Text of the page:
Some say its rubbish and it won’t get anywhere, others say it’s the new thing and the future, but judging by the recent events in it has urban grooves music reached the point of appreciation from the renowned musicians.
Zimbabwe will one day stand up and applaud the fathers of the true Zimbabwean music.
It is not long ago that the older and more experienced musicians where the ones at the forefront of scoffing at the urban grooves campaign that saw most of the young artists being castigated for their different ways of making new contemporary music.
Oliver Mtukudzi was one of them and he always castigated the way the music of these youngsters was being done. Veteran Thomas Mapfumo has also been known to echo the same sentiments about this new genre of music. But in an about turn Mtukudzi has recorded a song with urban groover XQ whilst last year Macheso did the same with Mudiwa. Can this be the point of realisation and appreciation of urban grooves music from the seasoned musicians?
Looking back at the beginning of the music industry in Zimbabwe, one can only applause the distance which these young musicians have come so far. The biggest criticisms being that they were performing with soundtrack CD’s and were perceived as not being serious about music. To the renowned artists this one man show type of music meant no creativity at all. Even the audiences used to scoff at seeing an urban groover alone on stage with just a sound track in the back and lip singing. To a certain extend this criticism helped in sprucing up the act of these young artist as most are now turning to live instruments and even if they play backtracks, they now have dancers to entertain their audiences.
Listening to the latest XQ album one gets to appreciate the depth of the urban groove artist who has come of age but it is only after listening to the song Pane Rudo that a familiar voice of Mtukudzi assures you that truly the young man has come of age. Now that older artists are teaming up with these young artists a point of appreciation has now been realised and finally heaven’s doors seem to have opened for urban grooves.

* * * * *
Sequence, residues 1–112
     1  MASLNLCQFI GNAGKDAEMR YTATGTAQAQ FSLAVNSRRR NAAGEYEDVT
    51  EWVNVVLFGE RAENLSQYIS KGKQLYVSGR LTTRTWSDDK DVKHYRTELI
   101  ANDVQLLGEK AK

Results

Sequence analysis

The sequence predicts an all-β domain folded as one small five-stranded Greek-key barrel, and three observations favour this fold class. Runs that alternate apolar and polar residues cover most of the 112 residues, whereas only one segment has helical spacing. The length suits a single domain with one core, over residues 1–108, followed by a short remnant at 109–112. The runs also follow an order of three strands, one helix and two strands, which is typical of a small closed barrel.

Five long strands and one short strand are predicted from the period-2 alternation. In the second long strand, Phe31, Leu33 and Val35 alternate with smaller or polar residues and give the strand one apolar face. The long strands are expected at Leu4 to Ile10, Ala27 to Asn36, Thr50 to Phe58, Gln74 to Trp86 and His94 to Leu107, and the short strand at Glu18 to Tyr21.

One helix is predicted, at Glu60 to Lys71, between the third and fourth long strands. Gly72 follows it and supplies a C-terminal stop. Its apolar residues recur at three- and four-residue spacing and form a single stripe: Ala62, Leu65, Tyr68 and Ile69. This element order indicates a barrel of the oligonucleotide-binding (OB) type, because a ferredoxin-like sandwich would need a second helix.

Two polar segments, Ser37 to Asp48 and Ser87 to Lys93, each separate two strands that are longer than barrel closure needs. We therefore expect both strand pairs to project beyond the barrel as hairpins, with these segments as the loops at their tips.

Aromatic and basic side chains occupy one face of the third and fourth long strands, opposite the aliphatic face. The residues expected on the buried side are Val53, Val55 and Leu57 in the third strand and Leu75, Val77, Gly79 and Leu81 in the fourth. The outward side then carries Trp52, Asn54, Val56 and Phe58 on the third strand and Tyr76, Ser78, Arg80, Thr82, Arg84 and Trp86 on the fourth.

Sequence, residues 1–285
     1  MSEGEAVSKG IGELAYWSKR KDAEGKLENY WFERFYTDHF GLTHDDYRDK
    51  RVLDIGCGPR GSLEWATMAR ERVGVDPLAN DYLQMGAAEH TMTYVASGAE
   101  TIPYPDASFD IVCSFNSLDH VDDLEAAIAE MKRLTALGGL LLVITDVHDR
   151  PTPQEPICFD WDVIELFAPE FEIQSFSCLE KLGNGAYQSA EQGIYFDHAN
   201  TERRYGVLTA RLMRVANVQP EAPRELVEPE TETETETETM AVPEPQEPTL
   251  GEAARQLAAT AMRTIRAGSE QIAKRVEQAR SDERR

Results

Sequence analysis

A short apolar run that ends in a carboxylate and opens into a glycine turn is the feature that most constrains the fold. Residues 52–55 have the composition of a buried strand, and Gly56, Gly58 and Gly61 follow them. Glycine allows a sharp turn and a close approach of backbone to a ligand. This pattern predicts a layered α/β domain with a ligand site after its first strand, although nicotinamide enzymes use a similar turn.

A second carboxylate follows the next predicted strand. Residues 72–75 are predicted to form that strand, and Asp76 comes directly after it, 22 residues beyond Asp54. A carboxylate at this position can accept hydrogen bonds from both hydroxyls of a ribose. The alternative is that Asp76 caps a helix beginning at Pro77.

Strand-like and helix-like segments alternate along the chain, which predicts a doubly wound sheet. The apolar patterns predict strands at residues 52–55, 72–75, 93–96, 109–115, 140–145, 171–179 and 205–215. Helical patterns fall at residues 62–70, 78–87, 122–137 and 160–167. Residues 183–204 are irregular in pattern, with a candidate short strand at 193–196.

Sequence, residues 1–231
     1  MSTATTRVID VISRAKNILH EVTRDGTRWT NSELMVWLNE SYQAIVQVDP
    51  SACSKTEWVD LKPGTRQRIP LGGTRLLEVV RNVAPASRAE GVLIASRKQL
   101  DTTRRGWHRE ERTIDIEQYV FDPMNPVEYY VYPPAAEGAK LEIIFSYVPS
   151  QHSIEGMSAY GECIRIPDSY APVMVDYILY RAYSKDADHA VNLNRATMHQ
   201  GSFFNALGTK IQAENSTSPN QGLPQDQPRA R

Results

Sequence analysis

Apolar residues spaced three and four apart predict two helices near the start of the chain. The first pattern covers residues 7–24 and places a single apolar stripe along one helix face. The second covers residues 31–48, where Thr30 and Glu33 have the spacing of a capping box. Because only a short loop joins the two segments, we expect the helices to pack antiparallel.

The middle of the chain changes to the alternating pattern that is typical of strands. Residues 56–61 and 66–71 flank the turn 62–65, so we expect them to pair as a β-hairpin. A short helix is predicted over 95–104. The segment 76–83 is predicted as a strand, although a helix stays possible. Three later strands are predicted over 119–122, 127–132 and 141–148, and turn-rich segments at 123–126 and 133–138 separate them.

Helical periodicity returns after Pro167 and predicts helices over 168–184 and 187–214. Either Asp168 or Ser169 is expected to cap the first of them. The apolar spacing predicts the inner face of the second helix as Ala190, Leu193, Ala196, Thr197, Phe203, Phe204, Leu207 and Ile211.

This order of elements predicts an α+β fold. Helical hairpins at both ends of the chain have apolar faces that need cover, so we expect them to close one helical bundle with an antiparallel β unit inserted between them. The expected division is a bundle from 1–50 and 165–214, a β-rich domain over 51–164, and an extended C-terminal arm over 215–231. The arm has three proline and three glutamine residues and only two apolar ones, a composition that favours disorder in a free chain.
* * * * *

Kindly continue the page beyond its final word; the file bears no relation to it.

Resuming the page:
We asked the artists what really is urban music is and the answer was one that was delivered with astute confidence by Stunner. “This is a new type of music mostly spearheaded by youngsters in urban centers hence the name urban grooves.” He went on to say that this is today’s music, here to stay and going to be music for tomorrow. “Off course our elders in the music industry always try to do us down but the real factor is that our music is here to stay. Can you imagine Museve making it in the few years to come,” echoed Leonard Mapfumo another urban groover. He went on to say that this was not only in Zimbabwe but also in countries like Kenya, South Africa, Nigeria and Zambia where this music is called Urban Mondo.
As stated by the website wikipedia.org this genre of music in Zimbabwe “closely resembles American Rap, Hip Hop, RnB, Soul and other international music genres.” The site goes on to say that this “imitation” of the West has resulted in Urban Grooves being unpopular with older listeners and artists who accuse the younger generation of shunning their cultural music and identity. Mapfumo had this to say again, “We grew being made to listen to guys like Lionel Ritchie, Dolly parton and all those American and European artists by our parents. Later on we chose to have our own taste in music and hence we started liking urban American music because we had been exposed to such foreign music from young age. Now that we are doing it using local languages people see it wrong. Urban grooves is here to stay.”
Talking to another urban groover, Mudiwa, who recorded with Macheso last year he said its also a marvel for the youngsters to be able to record with big and established artists. “My titles on my songs are all inspired by Macheso. I take his Shona titles for his albums and songs and I put them into English with his full support,” he said. He went on to say that this means that urban music is now growing interest from adults. “On my new album Macheso is going to be there as well. In actual fact he is my mentor,” said Mudiwa.
Tendai Chidarikire popularly as Sasamania says that it is unfair to box up these musicians and call them strictly urban groovers as this tends to make their music autonomous. “The moment you box an artist and label them a Museve artist or urban groover then there is no room for diversity. Look at R Kelly. He can sing in almost all genres be it R&B, soul or hip-hop said Chidarikire. “Some of us have been boxed for sure but then there are same of us who opt to go out of the box and then come back” said Stunner
Has urban grooves music now reached Heaven’s doors? Has it finally now achieved the so much needed recognition synonymous to the genres like Sungura, Contemporary and Ethnic in Zimbabwe? The answer lies only in the appreciation this music is going to get from the listeners as well as its appreciation from seasoned musicians.